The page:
Although it’s far from a done deal, all but one of Emeryville’s five councilmembers seemed to support a minimum wage increase above Oakland’s soon to be implemented $12.25.
[jump] Emeryville was once a lightly populated industrial pocket between Oakland and Berkeley, but over the past two decades its population has grown by about 70 percent. Major retailers and small businesses have popped up all over the city, and many of these companies employ workers at, or just above, the current state minimum wage of $9 an hour. A small number of city employees, and employees of municipal contractors, are covered by the city’s existing Living Wage Ordinance, which is currently $14.03. Workers at Emeryville’s four hotels, are covered by Measure C which mandates a wage of at least $11.08 per hour.
“We don’t think it’s fair that all the workers around us in Berkeley and Oakland have been able to raise their minimum wage by as much as $4.25, and here we haven’t seen even a raise of a penny,” Juana Tapia Cruz, a worker employed by the Oaks Corner bar, told the council.
“We have to bring people up out of poverty,” said Gary Jimenez, vice president of SEIU 1021 and president of the Lift Up Oakland coalition that sponsored the city’s Measure FF minimum wage increase approved by voters last November. Jimenez urged the council to seek a path to a $15 an hour minimum wage. “Tonight you have the hindsight to look at Oakland,” he said, where $12.25 garnered more than 80 percent of the vote.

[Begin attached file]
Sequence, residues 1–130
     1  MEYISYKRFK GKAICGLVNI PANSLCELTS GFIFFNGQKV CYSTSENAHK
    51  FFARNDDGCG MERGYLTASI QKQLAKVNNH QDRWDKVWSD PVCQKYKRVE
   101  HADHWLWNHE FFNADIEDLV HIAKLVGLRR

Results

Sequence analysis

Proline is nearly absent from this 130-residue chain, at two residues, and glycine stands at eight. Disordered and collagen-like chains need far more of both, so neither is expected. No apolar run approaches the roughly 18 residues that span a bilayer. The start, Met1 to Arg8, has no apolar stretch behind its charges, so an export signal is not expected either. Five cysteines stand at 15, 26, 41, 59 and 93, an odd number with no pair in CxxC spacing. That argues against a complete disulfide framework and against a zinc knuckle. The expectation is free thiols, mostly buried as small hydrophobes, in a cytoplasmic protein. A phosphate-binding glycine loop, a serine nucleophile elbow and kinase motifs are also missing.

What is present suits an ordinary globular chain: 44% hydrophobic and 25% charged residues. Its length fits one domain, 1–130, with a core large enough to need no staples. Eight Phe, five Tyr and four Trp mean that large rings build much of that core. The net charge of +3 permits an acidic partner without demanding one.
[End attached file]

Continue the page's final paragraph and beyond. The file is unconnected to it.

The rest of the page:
For the council’s consideration, Emeryville city staff proposed drafting a minimum wage ordinance to be ready for implementation sometime later this year, or early 2016, but councilmembers appeared impatient.
“I think we’re behind,” said Councilmember Jac Asher. “We can’t keep asking people to work and live in poverty. We need a more compressed timeline than we have here.”
Emeryville Mayor Ruth Atkin agreed. She also pushed for a wage level that will exceed Oakland’s. “I would like to propose a wage package that starts at $14.03,” said Atkin.
Atkin arrived at $14.03 because it’s currently Emeryville’s living wage, the amount city contractors must pay their employees in order to qualify to do business with the city.
John Nemec, owner of the Suspender Factory of San Francisco, which has a factory in Emeryville, told the council a minimum wage increase to $12.25 or higher would negatively impact his business. “We compete with the stuff that’s made in China. It’s impossible to jump and have a 40 percent increase from one year to the next,” said Nemec. “If you increase the wage of any company by 40 percent, we are going out of business.”
Councilmember Scott Donahue expressed reservations about surging ahead of Oakland’s minimum wage, but said he still supports a quick pay increase and other protections for low-wage workers. “We need to move as a region,” said Donahue. “Oakland has moved. We have catching up to do.”
Signaling which way she will vote when Emeryville’s mininimum wage ordinance comes back to the council later this year, councilmember Dianne Martinez called wage disparity “a social justice issue” that needs to be addressed. “I think this is a huge step that we’re taking and I’m proud to be part of this movement,” she said.